Logo
Sound journalism, grounded in facts and Biblical truth | Donate

Joe Rogan hasn’t saved Spotify yet

The streaming app might have overspent on podcast content


Joe Rogan in Pasadena, Calif. Getty Images/Photo by Michael S. Schwartz (file)

Joe Rogan hasn’t saved Spotify yet

Spotify’s foray into the podcast business last year is no longer music to investors’ ears. The song-streaming app’s failure to reap the results it hoped for illustrates the challenges of getting the music industry to buy into the social media business.

On Friday, Citi analysts downgraded Spotify’s stock from “neutral” to “sell.” The reason? The company’s latest growth metrics “do not show any material benefit from recent podcast investment,” Citi said, according to CNBC.

In 2019, the streaming platform paid nearly $800 million for podcast companies and content. Hoping to cash in on the podcast boom and boost advertiser interest and premium memberships, Spotify purchased Gimlet Media, Anchor, Parcast, and The Ringer. It also struck a $100 million exclusive licensing deal with Joe Rogan, a politically incorrect commentator who hosts one of America’s most popular podcasts and Spotify’s No.1 show. Rogan built a following by tackling subjects other talk-show hosts won’t touch: In the fall, he hosted Abigail Shrier, author of a book decrying the transgender movement’s seduction of teenage girls.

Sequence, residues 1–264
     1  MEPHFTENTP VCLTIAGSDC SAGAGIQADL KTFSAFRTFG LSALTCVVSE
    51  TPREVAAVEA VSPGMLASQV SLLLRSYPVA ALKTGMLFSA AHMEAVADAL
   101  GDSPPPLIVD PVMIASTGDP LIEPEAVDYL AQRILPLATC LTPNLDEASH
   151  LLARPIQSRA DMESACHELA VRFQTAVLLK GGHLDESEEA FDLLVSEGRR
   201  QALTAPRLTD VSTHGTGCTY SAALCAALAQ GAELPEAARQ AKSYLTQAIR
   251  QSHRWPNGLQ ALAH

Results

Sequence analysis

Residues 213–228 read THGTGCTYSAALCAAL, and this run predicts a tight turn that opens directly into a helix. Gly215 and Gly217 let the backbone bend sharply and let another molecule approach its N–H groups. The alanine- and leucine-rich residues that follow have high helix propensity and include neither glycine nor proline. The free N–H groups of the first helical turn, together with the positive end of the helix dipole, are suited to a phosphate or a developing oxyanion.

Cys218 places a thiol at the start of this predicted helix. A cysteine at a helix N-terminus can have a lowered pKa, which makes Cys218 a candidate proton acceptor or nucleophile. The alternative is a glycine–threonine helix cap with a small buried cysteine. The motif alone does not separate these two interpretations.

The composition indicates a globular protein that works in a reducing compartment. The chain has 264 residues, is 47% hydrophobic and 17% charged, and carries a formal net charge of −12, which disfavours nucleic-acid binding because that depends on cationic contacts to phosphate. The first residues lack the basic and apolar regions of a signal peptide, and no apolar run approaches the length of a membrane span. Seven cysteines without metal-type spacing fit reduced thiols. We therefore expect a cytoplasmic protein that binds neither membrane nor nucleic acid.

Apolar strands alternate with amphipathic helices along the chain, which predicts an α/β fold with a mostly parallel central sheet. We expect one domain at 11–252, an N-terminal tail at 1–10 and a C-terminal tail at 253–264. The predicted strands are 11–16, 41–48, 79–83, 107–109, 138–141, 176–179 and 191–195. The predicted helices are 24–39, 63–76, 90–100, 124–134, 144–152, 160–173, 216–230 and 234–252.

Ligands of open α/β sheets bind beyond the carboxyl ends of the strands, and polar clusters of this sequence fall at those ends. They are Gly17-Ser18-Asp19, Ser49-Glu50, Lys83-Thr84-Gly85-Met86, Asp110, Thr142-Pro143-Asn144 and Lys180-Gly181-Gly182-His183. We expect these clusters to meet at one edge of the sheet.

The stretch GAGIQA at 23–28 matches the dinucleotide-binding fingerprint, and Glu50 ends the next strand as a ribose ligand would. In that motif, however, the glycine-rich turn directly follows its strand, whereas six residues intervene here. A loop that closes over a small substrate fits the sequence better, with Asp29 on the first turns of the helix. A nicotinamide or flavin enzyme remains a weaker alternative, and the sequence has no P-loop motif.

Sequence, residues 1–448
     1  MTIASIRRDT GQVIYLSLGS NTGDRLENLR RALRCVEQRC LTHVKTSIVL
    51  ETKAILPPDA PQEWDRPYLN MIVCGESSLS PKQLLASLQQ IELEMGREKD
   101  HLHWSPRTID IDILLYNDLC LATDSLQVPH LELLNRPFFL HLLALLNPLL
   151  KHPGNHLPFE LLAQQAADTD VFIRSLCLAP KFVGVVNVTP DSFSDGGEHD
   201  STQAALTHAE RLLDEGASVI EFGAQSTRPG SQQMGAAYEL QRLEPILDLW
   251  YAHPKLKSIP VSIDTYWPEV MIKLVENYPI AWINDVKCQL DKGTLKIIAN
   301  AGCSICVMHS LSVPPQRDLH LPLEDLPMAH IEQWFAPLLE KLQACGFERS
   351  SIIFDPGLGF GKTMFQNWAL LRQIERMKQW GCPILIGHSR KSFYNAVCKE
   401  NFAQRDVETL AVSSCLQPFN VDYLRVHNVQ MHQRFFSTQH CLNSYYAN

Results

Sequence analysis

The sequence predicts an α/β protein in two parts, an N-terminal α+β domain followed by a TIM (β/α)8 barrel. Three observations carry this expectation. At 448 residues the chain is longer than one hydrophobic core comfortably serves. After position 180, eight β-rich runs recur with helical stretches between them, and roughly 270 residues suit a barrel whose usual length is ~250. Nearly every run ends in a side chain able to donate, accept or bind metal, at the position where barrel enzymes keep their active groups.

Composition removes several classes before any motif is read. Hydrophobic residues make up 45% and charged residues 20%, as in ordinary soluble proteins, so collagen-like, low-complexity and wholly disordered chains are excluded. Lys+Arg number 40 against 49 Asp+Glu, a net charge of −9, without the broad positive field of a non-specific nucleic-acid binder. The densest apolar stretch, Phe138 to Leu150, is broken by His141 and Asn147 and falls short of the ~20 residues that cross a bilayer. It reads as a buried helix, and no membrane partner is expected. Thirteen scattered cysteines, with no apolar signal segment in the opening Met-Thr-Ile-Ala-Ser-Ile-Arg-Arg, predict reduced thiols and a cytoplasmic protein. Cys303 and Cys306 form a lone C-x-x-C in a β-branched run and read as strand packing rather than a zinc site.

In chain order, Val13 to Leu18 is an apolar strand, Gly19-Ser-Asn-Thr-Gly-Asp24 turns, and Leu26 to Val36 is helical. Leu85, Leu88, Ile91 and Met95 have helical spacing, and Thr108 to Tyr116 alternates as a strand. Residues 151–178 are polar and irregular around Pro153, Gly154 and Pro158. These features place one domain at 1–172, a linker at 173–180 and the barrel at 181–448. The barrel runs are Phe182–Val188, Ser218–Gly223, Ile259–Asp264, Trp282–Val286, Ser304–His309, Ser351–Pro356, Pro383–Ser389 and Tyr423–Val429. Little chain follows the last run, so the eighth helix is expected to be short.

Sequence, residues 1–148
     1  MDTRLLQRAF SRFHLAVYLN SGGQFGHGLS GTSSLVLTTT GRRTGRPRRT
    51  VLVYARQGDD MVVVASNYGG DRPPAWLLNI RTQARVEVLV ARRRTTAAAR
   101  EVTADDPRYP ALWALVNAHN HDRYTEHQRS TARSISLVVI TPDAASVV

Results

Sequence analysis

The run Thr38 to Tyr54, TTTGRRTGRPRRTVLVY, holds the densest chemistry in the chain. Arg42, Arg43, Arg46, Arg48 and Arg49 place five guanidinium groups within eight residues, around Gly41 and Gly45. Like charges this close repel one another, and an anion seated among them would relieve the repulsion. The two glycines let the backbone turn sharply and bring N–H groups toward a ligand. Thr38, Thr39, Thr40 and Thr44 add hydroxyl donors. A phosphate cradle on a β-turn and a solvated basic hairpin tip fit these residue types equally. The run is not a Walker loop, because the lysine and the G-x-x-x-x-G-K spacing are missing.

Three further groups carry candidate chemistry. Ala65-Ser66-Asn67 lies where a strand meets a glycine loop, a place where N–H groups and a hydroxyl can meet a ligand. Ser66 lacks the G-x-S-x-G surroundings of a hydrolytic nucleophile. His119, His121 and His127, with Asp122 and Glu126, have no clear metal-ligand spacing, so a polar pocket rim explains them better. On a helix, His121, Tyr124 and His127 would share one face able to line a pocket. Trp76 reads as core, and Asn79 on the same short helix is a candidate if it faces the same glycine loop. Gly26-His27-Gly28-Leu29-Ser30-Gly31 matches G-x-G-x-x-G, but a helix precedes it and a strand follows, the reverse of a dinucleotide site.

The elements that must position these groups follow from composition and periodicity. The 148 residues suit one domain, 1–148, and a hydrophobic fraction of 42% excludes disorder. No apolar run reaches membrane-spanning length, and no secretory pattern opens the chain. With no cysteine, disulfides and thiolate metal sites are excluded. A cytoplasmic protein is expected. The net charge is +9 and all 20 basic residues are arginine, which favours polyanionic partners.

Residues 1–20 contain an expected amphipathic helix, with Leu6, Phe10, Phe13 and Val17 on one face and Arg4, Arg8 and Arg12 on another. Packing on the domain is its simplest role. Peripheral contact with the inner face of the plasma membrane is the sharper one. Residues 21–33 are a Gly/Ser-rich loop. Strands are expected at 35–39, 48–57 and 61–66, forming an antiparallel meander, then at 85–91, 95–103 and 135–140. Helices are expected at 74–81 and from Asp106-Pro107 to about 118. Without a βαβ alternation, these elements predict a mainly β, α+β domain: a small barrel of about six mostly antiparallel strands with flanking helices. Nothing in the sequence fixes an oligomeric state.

Spotify signed deals for more exclusive podcasts from Kim Kardashian, the Duke and Duchess of Sussex, and Michelle Obama. The platform boasts about 2 million podcast episodes, not all exclusives.

On social media sites like Facebook, Instagram, and YouTube, users generate the content and receive payment from advertisers, sponsors, or the platforms themselves according to the popularity of their posts. But Spotify gets its content from the music industry and has to pay a record company every single time a user streams a song. Spotify’s paid subscribers through last year’s third quarter increased to 144 million in 92 countries from 113 million in 2019’s third quarter. It wasn’t enough to put a dent in the company’s expenditures.

Spotify chose to keep its podcasts free to users in hopes advertising revenue would follow, but it needs a lot more ads to cover its costs. And asking listeners to pitch in for podcasts they have been listening to for free could send them fleeing to other platforms.

“Our fear is that if podcasting doesn’t provide a way for Spotify to shift away from music label dependence, [investors] may reassess the underlying value of the business,” the Citi analysts wrote. “And, that would be bad for Spotify’s multiple and equity value.”


Sharon Dierberger

Sharon is a correspondent and reviewer for WORLD. She is a World Journalism Institute and Northwestern University graduate. She has served as a university teacher, clinical exercise physiologist, homeschooling mom, businesswoman, and Division 1 athlete. She resides in Stillwater, Minn., with her husband, Bill.

COMMENT BELOW

Please wait while we load the latest comments...

Comments

Please register, subscribe, or login to comment on this article.

World’S McLean

Thank you for pointing out our error. We have corrected it.